Culture, does it define us?

Culture is the activity we engage in as human beings and the symbolism we associate with our backgrounds, what country we come from and how we act around others are all defining the individual we turn out to be,  our beliefs and morals are developed from the culture we are born or raised in. A person can define themselves on the customs and traditions in which they carry out in their day-to-day lives. Culture is almost built into us as it were, but does it define the way we think and the way we live?

I can only speak for myself when I say this, I believe a culture define’s the way we act, think and what we believe are correct morals. Our culture’s teach us traditions that have and will be passed on from one generation to the next. However I have my doubts on whether cultures in the Western world especially, will carry on their traditions with the ever-changing, fast paced internet and social networking, the world is becoming smaller and smaller! Cultures and traditions are nearly merging with each other. Cyberculture is taking the world by storm, emerging over the past number of years from computer networks, the internet and social networking. All of these resources can instill other beliefs and morals from neighbouring countries to your own native dwelling.

Migration levels have risen immensely over the past number of years, this is certainly  contributing to a slight change in our traditions as the majority of us live in multicultural cities. We’re living in a period of rapid globalisation, many global brands like McDonald’s, Coca Cola, and Apple are known right across the world, even in the poorest of countries.

I have been lucky enough to live within two other cultures as well as my own culture, I have experienced the Nepalese way of life and currently being based in Scotland I have seen how the Scottish culture is still as strong as what I had known the Scottish culture to be. From my experience each culture has different  values, beliefs and morals. My native country of Ireland and Scotland share similar cultural beliefs and values.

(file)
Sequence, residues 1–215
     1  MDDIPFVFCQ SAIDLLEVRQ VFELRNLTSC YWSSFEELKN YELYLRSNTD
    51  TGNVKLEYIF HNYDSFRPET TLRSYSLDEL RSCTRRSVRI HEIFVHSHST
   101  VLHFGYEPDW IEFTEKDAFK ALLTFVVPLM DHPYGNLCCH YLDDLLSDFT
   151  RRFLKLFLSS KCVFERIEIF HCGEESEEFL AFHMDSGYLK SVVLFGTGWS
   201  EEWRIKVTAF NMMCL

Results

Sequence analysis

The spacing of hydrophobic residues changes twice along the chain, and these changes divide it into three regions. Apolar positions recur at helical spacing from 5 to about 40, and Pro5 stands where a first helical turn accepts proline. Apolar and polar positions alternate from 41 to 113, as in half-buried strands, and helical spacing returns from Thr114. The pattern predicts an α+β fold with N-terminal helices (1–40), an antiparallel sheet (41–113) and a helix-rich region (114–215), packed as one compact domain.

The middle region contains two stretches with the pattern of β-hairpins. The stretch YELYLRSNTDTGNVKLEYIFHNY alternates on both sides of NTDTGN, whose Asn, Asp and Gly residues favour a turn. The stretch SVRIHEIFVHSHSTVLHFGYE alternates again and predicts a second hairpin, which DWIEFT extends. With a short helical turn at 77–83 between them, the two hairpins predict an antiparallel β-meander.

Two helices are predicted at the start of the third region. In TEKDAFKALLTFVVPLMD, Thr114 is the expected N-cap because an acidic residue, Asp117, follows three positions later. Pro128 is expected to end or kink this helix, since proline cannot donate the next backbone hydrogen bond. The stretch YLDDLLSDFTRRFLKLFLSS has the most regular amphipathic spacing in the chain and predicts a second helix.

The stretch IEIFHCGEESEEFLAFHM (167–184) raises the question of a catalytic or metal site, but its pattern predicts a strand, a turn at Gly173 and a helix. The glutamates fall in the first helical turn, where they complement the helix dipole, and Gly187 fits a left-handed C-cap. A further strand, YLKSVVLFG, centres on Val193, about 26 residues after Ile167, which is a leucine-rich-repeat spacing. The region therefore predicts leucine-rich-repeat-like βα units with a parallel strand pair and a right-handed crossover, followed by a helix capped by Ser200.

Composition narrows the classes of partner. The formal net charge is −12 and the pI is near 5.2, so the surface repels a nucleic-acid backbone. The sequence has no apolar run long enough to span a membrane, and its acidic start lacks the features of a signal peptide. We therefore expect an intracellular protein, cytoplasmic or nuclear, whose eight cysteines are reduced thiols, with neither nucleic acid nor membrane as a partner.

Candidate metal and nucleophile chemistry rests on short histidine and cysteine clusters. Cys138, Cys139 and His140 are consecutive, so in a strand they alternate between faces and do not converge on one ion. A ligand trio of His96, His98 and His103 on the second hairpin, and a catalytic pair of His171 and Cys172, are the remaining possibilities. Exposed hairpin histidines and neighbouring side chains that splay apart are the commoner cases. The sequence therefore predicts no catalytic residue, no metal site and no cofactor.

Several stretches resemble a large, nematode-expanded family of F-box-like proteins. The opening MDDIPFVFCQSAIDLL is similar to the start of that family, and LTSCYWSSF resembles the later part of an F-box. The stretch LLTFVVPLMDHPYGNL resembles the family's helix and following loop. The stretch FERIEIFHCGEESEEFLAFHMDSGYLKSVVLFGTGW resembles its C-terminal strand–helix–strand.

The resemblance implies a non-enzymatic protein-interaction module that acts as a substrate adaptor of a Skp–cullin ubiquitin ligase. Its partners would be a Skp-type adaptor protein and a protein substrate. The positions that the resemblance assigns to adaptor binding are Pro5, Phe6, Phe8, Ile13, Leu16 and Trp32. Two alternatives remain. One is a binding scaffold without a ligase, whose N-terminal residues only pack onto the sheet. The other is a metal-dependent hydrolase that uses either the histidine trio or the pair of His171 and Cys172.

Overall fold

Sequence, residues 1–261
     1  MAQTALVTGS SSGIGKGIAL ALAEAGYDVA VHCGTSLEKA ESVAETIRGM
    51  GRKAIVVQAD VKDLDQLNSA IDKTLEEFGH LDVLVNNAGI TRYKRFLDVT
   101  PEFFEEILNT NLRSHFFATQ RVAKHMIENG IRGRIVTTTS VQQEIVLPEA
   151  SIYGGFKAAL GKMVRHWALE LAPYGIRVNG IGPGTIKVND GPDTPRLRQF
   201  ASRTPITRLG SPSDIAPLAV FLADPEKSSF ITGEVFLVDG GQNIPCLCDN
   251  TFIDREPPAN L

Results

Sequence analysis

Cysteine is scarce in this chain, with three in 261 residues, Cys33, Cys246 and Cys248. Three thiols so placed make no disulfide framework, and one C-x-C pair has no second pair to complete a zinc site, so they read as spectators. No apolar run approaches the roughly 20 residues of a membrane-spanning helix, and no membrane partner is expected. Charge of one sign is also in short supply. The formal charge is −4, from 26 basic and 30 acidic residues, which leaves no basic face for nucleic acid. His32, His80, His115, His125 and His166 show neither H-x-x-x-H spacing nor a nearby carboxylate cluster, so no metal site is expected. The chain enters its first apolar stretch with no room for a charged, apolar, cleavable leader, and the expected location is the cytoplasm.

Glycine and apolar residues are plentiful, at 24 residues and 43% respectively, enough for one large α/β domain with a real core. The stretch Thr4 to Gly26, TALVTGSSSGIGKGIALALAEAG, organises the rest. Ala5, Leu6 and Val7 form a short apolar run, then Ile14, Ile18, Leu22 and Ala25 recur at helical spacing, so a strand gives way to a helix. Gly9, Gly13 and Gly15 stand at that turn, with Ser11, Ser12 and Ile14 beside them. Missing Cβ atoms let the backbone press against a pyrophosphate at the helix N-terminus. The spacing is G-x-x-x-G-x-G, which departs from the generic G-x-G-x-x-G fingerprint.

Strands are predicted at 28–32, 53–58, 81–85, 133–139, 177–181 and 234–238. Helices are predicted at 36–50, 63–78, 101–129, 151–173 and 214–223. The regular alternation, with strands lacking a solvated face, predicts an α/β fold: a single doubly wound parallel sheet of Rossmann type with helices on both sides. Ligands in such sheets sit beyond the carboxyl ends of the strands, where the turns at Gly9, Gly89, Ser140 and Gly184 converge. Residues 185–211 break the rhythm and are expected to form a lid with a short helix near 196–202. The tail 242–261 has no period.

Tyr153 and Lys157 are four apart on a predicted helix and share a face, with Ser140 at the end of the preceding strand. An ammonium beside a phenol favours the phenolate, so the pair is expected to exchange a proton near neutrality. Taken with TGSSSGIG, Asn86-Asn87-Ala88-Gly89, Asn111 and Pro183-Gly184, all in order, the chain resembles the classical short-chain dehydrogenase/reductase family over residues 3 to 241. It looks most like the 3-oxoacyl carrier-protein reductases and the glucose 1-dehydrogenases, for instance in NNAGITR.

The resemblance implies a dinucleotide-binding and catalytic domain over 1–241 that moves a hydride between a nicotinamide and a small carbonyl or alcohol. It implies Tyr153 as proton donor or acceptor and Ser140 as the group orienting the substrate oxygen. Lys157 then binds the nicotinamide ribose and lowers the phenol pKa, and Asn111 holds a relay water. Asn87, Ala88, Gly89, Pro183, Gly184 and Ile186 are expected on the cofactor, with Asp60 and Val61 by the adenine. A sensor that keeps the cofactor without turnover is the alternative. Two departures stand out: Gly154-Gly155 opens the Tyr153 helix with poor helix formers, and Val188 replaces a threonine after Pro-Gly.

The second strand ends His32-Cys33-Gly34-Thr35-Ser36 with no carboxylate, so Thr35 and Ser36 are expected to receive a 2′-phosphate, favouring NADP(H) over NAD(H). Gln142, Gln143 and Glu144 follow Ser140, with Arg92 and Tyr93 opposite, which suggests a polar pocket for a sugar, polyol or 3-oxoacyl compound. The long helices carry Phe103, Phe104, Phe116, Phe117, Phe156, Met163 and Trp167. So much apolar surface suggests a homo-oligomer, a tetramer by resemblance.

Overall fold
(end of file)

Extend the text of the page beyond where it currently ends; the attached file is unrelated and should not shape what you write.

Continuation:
During my time in Nepal, I was lucky enough to live in an orphanage, learning first hand the customs and traditions that were carried out on a day-to-day basis. This made me think about how different my culture was back home in Ireland. Traditionally Nepal is a religious place with Hinduism and Buddhism practiced there. The kids got together every evening for prayer, which in their culture is each person gathering together in a circle holding hands, singing, clapping, smiling and having fun. Even though they lived in conditions horrifying to people living in the western world, in places like the USA, the UK and across Europe it was their culture that defined the way they lived and made them extremely happy.

It really has taught me that culture isn’t all about material goods, try not get wrapped up in the latest technology Apple has produced, or the newest social networking site, take a time out, sit with you family and friends and share your stories from the day through good ‘ole’ traditional word of mouth. Not only will it make you feel better but it will help you revive your own culture, the culture that you were raised in not the culture that has developed around you through technology.

After you’ve finished, perhaps write a blog about it, because lets face it, there is no getting away from this cyberculture phenomenon that is only going to go from strength the strength. Just be sure not to lose who you are and where your morals and beliefs have come from. You’ll be a happier person.

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